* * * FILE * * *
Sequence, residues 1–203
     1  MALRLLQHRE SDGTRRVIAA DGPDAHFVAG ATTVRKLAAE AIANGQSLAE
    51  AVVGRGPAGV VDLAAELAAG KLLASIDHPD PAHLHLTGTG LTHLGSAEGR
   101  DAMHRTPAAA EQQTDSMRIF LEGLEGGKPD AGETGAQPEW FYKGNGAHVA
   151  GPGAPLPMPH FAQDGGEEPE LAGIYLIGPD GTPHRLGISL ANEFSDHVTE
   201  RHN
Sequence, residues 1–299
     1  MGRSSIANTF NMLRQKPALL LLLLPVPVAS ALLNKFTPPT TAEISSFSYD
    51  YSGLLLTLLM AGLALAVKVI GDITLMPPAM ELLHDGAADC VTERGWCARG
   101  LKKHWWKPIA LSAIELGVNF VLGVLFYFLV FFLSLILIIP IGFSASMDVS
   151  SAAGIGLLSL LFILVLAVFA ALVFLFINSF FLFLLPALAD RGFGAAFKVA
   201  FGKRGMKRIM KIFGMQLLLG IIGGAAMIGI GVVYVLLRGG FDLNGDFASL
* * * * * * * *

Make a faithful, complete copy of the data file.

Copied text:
Sequence, residues 1–203
     1  MALRLLQHRE SDGTRRVIAA DGPDAHFVAG ATTVRKLAAE AIANGQSLAE
    51  AVVGRGPAGV VDLAAELAAG KLLASIDHPD PAHLHLTGTG LTHLGSAEGR
   101  DAMHRTPAAA EQQTDSMRIF LEGLEGGKPD AGETGAQPEW FYKGNGAHVA
   151  GPGAPLPMPH FAQDGGEEPE LAGIYLIGPD GTPHRLGISL ANEFSDHVTE
   201  RHN
Sequence, residues 1–299
     1  MGRSSIANTF NMLRQKPALL LLLLPVPVAS ALLNKFTPPT TAEISSFSYD
    51  YSGLLLTLLM AGLALAVKVI GDITLMPPAM ELLHDGAADC VTERGWCARG
   101  LKKHWWKPIA LSAIELGVNF VLGVLFYFLV FFLSLILIIP IGFSASMDVS
   151  SAAGIGLLSL LFILVLAVFA ALVFLFINSF FLFLLPALAD RGFGAAFKVA
   201  FGKRGMKRIM KIFGMQLLLG IIGGAAMIGI GVVYVLLRGG FDLNGDFASL